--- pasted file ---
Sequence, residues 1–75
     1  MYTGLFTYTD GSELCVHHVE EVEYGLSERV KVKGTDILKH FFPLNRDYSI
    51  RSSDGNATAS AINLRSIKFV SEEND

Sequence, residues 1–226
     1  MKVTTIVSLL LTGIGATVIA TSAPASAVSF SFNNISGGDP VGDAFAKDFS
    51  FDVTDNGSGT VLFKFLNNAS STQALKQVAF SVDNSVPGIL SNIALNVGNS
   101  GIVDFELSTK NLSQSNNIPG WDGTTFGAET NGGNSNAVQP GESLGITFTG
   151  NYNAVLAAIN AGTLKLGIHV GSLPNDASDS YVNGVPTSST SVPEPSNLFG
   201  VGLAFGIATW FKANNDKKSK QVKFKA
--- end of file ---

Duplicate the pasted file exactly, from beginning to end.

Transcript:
Sequence, residues 1–75
     1  MYTGLFTYTD GSELCVHHVE EVEYGLSERV KVKGTDILKH FFPLNRDYSI
    51  RSSDGNATAS AINLRSIKFV SEEND

Sequence, residues 1–226
     1  MKVTTIVSLL LTGIGATVIA TSAPASAVSF SFNNISGGDP VGDAFAKDFS
    51  FDVTDNGSGT VLFKFLNNAS STQALKQVAF SVDNSVPGIL SNIALNVGNS
   101  GIVDFELSTK NLSQSNNIPG WDGTTFGAET NGGNSNAVQP GESLGITFTG
   151  NYNAVLAAIN AGTLKLGIHV GSLPNDASDS YVNGVPTSST SVPEPSNLFG
   201  VGLAFGIATW FKANNDKKSK QVKFKA